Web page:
How To Protect Your Small Business from Exchange Rate Volatility

Are you a small business owner with an international reach or international suppliers? Then your business is most likely affected by currency exchange rates whether you’re aware of …

Foreign Currency

Are you a small business owner with an international reach or international suppliers? Then your business is most likely affected by currency exchange rates whether you’re aware of it or not.

In fact, any company that sells or buys products from another country, even indirectly, is affected by exchange rates. As a business owner, you need to understand how and why your business relies on exchange rates and you have to know how to limit that burden.

What Affects Exchange Rates?

Generally speaking, currencies and exchange rates are affected by anything. In other words, anything that affects a country where a currency is used could and probably will have an effect on the said currency.

Presidential elections, interest rates, wars, natural disasters, forex trading, etc. can all have a negative or a positive impact on currencies.

For example, after the Brexit referendum, the British pound sterling plummeted to record low numbers, and since Trump became president the value of the dollar has increased even though Trump would rather see the opposite.

But how does this affect your business? Let us take a closer look.

Ways in Which Exchange Rates Can Affect Your Business

Exchange rates can have an influence on many parts of your business, but there are three main areas that are the most sensitive:

Import and Export

Anyone that either imports or exports products and supplies from a country with a different currency than their own will be affected.

If the currency in the country you imported from increases in value you will be forced to pay more, and if the value of currency decreases in value, you will pay less. It’s as simple as that.

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Naturally, the value of your own currency also affects the exchange rate and the same system also applies for exports but in reverse since it will be your currency that’s used to complete the deal.

Final Sale

Your business is also connected to exchange rates if you sell your final product to consumers abroad. Maybe you have an e-commerce store with international shipping that offers customers the option to buy products in their own currency. If that is the case, you will definitely have to account for fluctuating exchange rates.

Production Abroad

What if your products are produced and sold domestically, then you’ll be safe, right? Not necessarily.

Let’s say you run a business in the United States and only sell to American customers. Then you won’t have to think about exchange rates when selling the end product. However, it might be much cheaper for you to produce your products in Mexico than in the US, and then your back in the same situation. When the Mexican peso increases in value you will be forced to pay more for labor, production, transports, and more.

Protect Yourself

As with most problems small business owners face there are ways you can solve this issue or at least limit the damage.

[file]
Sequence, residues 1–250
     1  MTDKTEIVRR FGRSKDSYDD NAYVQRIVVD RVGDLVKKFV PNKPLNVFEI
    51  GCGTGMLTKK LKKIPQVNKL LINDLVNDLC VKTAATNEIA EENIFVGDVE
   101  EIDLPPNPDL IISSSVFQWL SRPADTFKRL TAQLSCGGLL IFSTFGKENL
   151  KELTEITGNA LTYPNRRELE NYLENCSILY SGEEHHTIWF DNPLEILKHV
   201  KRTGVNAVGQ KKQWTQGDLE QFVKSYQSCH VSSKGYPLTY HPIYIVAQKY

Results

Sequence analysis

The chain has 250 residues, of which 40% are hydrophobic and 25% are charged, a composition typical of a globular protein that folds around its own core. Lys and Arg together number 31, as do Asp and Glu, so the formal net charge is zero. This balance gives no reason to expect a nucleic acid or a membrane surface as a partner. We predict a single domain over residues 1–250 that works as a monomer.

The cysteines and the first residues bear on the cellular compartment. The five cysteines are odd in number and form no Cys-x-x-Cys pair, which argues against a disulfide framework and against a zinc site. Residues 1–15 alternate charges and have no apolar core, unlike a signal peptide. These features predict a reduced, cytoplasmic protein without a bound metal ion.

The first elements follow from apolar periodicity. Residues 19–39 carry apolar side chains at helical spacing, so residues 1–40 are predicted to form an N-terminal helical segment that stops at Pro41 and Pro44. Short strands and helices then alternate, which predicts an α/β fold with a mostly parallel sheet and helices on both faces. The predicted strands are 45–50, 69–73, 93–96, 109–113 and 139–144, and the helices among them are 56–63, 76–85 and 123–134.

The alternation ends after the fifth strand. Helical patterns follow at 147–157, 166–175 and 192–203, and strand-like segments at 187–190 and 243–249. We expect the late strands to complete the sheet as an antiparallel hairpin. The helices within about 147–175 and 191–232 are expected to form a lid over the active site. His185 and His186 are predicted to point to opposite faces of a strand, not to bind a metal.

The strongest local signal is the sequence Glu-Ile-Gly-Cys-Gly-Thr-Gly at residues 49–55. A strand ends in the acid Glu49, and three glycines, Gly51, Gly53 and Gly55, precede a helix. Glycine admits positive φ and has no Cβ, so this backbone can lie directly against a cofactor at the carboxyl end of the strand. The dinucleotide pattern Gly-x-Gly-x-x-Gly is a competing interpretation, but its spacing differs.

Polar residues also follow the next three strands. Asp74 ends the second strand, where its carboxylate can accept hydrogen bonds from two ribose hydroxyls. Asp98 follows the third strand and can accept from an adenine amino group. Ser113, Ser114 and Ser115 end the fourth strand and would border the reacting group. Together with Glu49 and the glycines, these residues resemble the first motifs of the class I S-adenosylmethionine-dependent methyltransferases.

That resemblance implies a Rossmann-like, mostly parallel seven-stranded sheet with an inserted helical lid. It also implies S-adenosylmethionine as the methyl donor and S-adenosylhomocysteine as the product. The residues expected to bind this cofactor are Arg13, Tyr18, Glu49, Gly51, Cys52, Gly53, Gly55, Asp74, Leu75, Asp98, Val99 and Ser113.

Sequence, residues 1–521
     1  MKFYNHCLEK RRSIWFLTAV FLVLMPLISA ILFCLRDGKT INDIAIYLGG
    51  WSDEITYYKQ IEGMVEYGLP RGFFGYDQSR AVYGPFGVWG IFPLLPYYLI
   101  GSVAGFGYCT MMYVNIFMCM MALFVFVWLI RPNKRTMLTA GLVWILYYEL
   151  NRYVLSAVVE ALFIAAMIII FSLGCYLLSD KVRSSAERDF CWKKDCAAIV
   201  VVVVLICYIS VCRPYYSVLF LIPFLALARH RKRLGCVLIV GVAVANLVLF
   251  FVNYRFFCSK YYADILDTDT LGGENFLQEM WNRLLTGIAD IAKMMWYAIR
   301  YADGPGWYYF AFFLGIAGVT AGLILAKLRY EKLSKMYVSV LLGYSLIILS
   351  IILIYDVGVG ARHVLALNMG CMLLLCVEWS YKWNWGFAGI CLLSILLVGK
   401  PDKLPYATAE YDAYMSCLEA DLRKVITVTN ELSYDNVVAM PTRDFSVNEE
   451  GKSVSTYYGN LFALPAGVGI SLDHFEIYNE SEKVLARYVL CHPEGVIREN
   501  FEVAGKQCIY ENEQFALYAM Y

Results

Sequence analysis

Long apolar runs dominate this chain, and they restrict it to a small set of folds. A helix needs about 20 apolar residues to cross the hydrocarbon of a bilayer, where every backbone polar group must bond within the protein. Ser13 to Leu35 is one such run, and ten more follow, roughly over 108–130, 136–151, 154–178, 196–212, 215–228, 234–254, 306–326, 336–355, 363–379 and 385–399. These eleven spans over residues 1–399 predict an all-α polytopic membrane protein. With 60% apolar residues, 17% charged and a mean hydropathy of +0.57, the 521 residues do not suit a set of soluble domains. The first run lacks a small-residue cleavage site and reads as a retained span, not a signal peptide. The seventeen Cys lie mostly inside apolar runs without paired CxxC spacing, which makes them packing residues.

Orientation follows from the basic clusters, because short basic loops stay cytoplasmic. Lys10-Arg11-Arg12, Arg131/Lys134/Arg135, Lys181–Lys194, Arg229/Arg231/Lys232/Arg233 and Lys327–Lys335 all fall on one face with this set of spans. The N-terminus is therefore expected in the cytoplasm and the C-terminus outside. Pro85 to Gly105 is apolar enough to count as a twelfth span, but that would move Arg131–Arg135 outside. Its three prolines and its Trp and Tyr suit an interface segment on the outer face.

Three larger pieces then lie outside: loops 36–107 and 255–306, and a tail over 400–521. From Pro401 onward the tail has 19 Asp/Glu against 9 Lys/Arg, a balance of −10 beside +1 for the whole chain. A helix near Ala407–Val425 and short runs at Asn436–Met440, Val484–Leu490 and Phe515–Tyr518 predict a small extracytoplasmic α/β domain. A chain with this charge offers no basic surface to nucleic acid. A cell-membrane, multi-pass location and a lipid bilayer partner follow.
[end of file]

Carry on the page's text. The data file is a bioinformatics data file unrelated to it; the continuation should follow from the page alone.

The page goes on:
Limit the Number of Currencies Used

The best way to limit your exposure to exchange rates is to limit or stop the use of different currencies in your production and sales channels completely. Try to use suppliers in your own country and if it’s possible try to keep sales on your domestic market.

Even if you’re saving a bit on getting your supplies from another country, getting rid of the exchange rate problem might be a better option for you in the long-term. And if you run an e-commerce store or sell internationally, we encourage you to keep all sales in your own currency.

Use Futures

Another quite popular way of dealing with the headaches connected to exchange rates is to use futures to hedge your losses. This technique is often used by airlines and only works if you buy large quantities of commodities.

When an airline buys fuel for their airplanes, they don’t by the fuel per gallon when they need it. Instead, they secure huge quantities of fuel when the price is cheap by using futures.

By doing so, they can control their spending, and avoid having to pay inflated prices in the future. And if the price of their fuel would drop even further, they can always secure even more for later.

Hedge Your Margins with Trading

This last option is a bit controversial and not as common as the first two, although it can be highly effective if done right. Instead of limiting your spending, you can hedge your losses by trading. The forex market is the biggest market in the world with a daily volume of several billion dollars and anyone can access it from a computer.

Obviously, trading forex is associated with some risk, but when done correctly it can protect your small business from losses. To learn more about forex trading for businesses we suggest you check out this comprehensive eToro review.


Chances are that your small business is being influenced by exchange rates in one way or another and it’s up to you to figure out how and then limit your exposure. The best way to minimize the impact is to avoid using other currencies as much as possible.

You also have the option of hedging your losses by investing in futures or trading forex.


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